Dems Push for a Digital Ad Crackdown to Stop Foreign Meddling – WIRED
Democratic members of Congress are asking the Federal Elections Commission to crack down on digital campaign ads to prevent foreign meddling in future elections. In a letter to the FEC chairman, four members of the house and 16 senators—including Elizabeth Warren, Cory Booker, and Kamala Harris—urge the FEC to work with tech companies on new ways to monitor who’s paying for campaign ads on their platforms.
The letter follows the news earlier this month that Facebook found $150,000 worth of misleading political ads linked to Russian accounts that ran during the 2016 election. Facebook has handed those ads and information about the accounts over to special counsel Robert Mueller’s team, as he probes any evidence of Russian interference in the 2016 election. Now, members of the Senate Intelligence Committee, including Republican Senator Richard Burr and Democratic Senator Mark Warner, say they expect Facebook to testify before a public hearing about the ads.
Those hearings may eventually help illuminate what happened in 2016, but it’s the 2018 midterm race that primarily concerns the letter’s signatories. “Foreign nationals were shown to have routinely deployed sophisticated tactics in making political expenditures to evade detection, with the express purpose of undermining the integrity of our elections,” the letter reads. “There is no reason to believe this behavior will stop in future elections.”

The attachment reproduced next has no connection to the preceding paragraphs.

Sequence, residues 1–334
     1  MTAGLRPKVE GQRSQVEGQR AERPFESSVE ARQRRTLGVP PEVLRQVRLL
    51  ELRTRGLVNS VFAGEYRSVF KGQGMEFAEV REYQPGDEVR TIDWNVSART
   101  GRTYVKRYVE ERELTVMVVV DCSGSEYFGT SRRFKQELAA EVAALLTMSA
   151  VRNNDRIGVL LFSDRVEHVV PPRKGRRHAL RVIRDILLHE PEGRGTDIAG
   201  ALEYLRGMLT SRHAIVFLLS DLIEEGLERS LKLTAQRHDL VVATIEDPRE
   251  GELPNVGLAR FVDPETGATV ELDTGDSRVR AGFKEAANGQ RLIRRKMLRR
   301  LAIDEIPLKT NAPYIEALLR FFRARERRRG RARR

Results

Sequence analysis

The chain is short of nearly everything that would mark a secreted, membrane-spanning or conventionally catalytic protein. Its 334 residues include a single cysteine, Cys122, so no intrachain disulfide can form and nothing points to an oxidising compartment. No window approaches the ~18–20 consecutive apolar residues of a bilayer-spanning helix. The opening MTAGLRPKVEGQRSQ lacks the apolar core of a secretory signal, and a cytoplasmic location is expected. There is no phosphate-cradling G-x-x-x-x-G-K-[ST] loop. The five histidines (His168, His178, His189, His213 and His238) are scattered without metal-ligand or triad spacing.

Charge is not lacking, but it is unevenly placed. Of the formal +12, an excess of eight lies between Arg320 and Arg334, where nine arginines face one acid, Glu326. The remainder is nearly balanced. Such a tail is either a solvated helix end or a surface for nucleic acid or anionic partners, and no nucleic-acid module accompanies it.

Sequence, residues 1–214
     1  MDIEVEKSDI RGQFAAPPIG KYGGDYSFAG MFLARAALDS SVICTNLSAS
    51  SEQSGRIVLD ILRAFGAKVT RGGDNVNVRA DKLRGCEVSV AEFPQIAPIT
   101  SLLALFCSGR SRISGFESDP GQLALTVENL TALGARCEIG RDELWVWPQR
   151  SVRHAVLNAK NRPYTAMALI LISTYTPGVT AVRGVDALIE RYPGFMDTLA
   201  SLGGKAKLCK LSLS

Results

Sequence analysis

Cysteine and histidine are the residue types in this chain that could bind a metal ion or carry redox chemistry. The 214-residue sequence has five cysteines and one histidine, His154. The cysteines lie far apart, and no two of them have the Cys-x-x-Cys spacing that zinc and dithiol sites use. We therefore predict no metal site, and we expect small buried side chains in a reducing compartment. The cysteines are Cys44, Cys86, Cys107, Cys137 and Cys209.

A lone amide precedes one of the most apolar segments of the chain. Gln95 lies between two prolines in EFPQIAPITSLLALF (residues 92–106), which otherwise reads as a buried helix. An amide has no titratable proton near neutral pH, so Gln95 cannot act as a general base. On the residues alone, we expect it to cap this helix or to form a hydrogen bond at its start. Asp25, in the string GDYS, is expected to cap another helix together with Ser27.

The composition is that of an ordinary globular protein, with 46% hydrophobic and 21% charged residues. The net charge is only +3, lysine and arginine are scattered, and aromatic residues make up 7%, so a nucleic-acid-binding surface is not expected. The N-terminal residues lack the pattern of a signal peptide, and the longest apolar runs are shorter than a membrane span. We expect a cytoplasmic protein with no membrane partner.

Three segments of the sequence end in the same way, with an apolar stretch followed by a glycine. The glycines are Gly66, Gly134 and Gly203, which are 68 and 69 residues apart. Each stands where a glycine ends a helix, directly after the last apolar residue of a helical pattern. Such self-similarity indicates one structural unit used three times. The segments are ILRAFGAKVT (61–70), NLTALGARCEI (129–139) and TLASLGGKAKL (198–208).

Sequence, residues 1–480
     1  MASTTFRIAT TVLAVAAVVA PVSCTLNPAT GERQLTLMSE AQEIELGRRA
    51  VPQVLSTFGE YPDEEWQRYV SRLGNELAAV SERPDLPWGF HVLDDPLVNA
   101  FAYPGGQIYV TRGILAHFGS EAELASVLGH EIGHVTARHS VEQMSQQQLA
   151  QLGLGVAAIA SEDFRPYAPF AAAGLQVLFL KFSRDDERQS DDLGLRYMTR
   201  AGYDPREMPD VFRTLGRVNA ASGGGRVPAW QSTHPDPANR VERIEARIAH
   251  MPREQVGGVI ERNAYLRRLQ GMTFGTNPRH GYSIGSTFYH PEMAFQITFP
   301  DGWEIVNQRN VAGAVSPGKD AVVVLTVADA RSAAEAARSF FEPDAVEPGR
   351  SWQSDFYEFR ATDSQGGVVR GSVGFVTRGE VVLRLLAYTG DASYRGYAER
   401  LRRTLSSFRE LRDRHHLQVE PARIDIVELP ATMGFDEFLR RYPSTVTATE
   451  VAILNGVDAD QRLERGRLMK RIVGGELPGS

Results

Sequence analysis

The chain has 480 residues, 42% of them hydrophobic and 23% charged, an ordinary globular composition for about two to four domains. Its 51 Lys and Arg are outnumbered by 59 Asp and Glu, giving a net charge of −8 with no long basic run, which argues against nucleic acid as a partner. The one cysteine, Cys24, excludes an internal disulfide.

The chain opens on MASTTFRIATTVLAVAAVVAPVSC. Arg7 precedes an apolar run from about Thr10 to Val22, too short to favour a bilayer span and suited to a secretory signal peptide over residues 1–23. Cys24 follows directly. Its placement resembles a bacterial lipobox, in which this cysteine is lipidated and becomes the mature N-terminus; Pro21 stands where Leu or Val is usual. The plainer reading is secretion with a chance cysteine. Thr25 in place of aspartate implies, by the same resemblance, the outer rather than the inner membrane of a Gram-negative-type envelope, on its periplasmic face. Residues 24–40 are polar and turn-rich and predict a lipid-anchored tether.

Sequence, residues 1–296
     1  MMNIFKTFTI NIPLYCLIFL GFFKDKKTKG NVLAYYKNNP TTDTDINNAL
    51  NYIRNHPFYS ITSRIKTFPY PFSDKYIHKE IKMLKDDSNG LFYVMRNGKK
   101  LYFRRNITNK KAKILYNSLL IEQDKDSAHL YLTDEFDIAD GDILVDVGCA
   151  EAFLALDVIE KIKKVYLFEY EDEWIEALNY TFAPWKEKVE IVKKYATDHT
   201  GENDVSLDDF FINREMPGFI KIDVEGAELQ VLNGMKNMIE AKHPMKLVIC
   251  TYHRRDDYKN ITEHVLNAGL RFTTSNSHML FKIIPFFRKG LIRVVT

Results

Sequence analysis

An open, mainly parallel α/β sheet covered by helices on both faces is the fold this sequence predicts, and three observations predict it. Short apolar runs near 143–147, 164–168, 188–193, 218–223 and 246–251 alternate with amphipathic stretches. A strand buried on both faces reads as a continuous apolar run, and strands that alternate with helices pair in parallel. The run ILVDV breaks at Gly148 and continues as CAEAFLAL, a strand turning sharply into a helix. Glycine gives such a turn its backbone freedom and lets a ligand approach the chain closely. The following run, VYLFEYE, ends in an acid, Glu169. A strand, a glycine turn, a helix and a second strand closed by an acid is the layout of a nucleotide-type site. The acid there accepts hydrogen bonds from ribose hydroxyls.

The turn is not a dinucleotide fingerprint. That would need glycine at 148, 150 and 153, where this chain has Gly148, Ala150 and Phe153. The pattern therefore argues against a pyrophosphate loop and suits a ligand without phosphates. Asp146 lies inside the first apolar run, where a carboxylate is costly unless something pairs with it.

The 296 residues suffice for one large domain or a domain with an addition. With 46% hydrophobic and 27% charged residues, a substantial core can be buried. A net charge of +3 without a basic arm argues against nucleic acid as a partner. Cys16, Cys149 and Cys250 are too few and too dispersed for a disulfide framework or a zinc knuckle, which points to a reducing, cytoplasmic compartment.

While the FEC closely regulates the ads that campaigns and political organizations run on television, requiring them to disclose who paid for the airtime, the same standards don’t apply to digital ads. The letter asks the FEC to look closely at “loopholes” that allow foreign actors to circumvent disclosure, as well as what disclosure standards should be put in place to ensure voters know where the ads are coming from. They’ve asked for a response by October 4.
“To be clear, our concerns do not lie with American citizens, interest groups, campaigns, or political action committees engaging in their Constitutional right to freely discuss the ideas and issues of the day to effectuate political or social change,” the letter reads. “Rather, we must address the threat posed by foreign citizens, companies, or organizations who aim to interfere with our political process.”
It’s a valid concern. But addressing it may prove far more complex than the members of Congress realize. Tech platforms don’t contain loopholes; they are one giant loophole. Open by default, they allow anyone to advertise from anywhere in the world, and there aren’t clear-cut lines defining what is and isn’t a political ad. Foreign actors also have ample ways to spread misinformation about political figures without ever spending a dime on the platforms. The algorithms that dominate these companies are, after all, trained to identify and prioritize viral content.
Still, there are ways these companies could use those same algorithms to better identify fake accounts, like the ones used to buy the Russia ads. And arguably, there ought to be some regulatory framework that requires tech companies like Facebook to, at the very least, share information about the known political organizations, including campaigns and super PACs, that spend money on their platforms.
Tech companies, ever resistant to regulation, would likely fight those efforts to monitor their businesses. Which is all the more reason they should take proactive measures to clean up the mess in their own backyards, before the government beats them to it.